While I sympathize with the author’s frustration over the decimation of the sales team, AA’s deficit have drivers that are larger and longer in duration than the switch to NDC. My guess is that the company has 5-10 problems (ease of transactions being one of those problems) that each drive a RASM deficit of 1-3%. AA’s problem is that it looks for 1-2 big easy items that solves the entire gap, instead of realizing that the problem is multi-factorial and challenging to solve.

    1. With the exception of AAs highish baggage mishandling rate, there is no low hanging fruit that AA can grab.

      Care to elaborate on your comment, specifically what you think AAs 5-10 problems are?

      1. I don’t think there is any low hanging fruit. In fact, I think that the problems are deep, challenging, and not easily known or understood.

        The point is that AA’s problems are complex and long-standing, and every shift in AA’s underpefromance are not necessarily linked to NDC. Unlike AA, I am not arguing that these particular examples that Brett pointed out are *not* caused by NDC. I am just pointing out that AA’s underpeformance has many causes, and not every change in rasm is due to the thing that bedevils Brett (though, Brett, this is an excellent piece). AA really is a cluster of a company with problems that it doesn’t know how to shake.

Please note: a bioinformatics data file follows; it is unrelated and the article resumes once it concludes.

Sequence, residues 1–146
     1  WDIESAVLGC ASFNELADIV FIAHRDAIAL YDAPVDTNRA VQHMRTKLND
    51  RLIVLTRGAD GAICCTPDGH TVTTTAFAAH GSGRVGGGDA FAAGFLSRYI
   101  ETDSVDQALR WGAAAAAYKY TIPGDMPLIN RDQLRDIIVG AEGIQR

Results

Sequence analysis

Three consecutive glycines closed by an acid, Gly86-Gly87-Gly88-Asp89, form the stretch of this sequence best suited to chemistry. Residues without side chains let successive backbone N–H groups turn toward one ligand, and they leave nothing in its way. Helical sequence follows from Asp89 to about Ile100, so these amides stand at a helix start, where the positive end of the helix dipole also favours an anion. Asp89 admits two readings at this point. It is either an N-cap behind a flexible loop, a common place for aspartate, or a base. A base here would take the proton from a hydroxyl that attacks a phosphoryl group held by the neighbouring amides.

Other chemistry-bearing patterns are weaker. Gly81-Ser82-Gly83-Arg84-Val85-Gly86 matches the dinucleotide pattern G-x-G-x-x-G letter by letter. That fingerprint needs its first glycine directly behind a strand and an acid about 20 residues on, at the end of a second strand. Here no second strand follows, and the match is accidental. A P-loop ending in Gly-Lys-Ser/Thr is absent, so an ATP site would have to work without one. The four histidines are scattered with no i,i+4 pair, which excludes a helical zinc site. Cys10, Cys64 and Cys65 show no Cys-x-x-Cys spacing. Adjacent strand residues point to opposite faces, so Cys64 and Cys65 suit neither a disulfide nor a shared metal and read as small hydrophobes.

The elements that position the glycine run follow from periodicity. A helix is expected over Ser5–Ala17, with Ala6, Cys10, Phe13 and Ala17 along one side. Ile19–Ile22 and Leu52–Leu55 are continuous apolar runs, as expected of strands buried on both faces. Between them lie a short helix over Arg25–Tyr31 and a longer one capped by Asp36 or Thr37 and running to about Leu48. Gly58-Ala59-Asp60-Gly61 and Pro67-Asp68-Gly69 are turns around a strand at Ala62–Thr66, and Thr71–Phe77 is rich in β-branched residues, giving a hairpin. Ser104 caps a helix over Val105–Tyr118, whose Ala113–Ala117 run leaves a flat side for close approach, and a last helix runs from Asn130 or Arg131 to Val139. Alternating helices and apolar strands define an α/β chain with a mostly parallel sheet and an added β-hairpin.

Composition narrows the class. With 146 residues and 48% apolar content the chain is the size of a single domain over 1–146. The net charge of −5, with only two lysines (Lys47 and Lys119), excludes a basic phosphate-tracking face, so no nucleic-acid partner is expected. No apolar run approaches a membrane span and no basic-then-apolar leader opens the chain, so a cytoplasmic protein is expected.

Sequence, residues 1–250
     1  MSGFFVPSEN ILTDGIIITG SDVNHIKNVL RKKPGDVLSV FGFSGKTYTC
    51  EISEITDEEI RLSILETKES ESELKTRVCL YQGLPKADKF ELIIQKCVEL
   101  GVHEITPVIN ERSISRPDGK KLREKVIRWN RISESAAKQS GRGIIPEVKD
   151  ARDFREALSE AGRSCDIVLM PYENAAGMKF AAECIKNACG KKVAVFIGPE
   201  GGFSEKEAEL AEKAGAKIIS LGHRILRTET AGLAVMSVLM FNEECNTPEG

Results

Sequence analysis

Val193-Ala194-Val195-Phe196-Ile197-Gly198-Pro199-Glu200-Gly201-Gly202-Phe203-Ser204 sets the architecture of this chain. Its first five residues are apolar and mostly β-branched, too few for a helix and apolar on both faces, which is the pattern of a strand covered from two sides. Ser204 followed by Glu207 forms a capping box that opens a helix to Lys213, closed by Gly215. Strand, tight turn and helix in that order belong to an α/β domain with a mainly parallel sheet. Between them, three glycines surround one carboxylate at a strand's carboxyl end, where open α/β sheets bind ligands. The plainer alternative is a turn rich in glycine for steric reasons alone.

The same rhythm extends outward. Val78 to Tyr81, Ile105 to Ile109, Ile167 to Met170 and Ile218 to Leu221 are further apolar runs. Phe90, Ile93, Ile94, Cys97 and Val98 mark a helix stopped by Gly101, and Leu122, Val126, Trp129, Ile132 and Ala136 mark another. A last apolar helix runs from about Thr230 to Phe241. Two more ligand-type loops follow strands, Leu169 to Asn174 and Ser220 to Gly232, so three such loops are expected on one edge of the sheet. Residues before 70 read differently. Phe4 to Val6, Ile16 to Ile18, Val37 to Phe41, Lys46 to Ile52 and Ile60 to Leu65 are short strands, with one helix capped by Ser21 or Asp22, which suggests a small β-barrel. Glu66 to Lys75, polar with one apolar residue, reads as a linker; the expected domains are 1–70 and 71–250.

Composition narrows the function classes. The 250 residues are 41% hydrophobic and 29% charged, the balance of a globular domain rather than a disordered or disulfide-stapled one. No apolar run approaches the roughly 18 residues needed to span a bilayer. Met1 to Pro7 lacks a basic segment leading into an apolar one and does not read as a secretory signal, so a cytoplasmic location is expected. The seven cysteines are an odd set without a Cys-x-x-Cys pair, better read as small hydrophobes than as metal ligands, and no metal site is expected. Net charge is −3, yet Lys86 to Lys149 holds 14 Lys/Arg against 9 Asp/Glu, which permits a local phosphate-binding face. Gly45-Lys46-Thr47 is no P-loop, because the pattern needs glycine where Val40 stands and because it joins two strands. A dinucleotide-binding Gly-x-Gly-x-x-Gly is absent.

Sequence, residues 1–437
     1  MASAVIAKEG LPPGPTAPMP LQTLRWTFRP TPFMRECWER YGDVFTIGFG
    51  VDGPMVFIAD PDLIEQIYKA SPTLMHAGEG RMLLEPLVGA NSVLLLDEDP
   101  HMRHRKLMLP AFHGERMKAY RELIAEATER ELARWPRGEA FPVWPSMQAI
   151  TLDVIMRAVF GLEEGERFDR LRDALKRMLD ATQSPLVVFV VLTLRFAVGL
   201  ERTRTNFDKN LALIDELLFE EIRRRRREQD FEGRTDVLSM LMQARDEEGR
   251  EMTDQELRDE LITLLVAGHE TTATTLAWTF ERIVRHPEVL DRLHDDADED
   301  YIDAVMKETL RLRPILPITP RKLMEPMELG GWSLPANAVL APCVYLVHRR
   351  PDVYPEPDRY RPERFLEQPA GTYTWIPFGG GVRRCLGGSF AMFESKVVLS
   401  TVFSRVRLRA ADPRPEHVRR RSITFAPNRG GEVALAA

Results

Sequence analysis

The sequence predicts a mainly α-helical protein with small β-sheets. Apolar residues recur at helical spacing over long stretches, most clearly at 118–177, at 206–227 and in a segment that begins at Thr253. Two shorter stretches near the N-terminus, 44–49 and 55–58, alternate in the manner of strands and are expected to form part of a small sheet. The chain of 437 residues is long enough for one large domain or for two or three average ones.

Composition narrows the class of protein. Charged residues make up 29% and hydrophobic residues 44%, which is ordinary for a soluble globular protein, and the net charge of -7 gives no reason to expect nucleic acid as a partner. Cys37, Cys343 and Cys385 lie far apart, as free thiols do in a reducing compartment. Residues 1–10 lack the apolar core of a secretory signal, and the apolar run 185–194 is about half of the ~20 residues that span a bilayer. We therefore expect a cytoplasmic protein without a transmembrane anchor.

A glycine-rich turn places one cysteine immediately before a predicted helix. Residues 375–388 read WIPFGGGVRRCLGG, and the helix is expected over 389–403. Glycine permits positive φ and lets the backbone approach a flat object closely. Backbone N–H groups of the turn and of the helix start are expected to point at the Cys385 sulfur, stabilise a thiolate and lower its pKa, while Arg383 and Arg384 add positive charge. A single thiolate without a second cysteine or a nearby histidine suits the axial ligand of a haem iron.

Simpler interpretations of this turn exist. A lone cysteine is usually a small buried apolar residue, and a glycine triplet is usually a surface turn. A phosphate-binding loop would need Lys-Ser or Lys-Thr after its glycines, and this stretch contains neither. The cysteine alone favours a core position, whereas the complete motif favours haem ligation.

As I was writing this reply, I did identify and write out 11 high level and difficult issues that I can see. However, I don’t want to elaborate here, as this isn’t Evil Twin’s platform.

    2. I don’t think there is any low hanging fruit. In fact, I think that the problems are deep, challenging, and not easily known or understood.

      The point is that AA’s problems are complex and long-standing, and every shift in AA’s underpefromance are not necessarily linked to NDC. Unlike AA, I am not arguing that these particular examples that Brett pointed out are *not* caused by NDC. I am just pointing out that AA’s underpeformance has many causes, and not every change in rasm is due to the thing that bedevils Brett (though, Brett, this is an excellent piece). AA really is a cluster of a company with problems that it doesn’t know how to shake.

      As I was originally writing this reply, I did identify and write out 11 high level and difficult issues that I can see. However, I don’t want to elaborate here, as this isn’t Evil Twin’s platform.

  6. Yet another great article that is driven by data and not speculation or innate bias like so much of the internet aviation conversation.

    Presumably, this discussion is all based on domestic data since you have previously said that you do not have access to international DB1B data? If so, then the gap is likely larger since NYC and LAX are large international markets and AA underperforms DL and UA across much of its international network other than to oneworld hubs. And change metrics, while helpful to show trends, might or might not tell the story without the absolute numbers – ie absolute SLA RASM in NYC and LAX, presumably domestic.

    As for AA’s A321T strategy, it also involved reducing AA’s coach capacity in the transcons and also rolled out after B6 announced Mint even though AA’s 321T strategy was announced first. The A321T strategy never made sense after Mint was announced and other competitors including DL started extensively using widebodies on transcons which provided large numbers of seats to offset yield losses.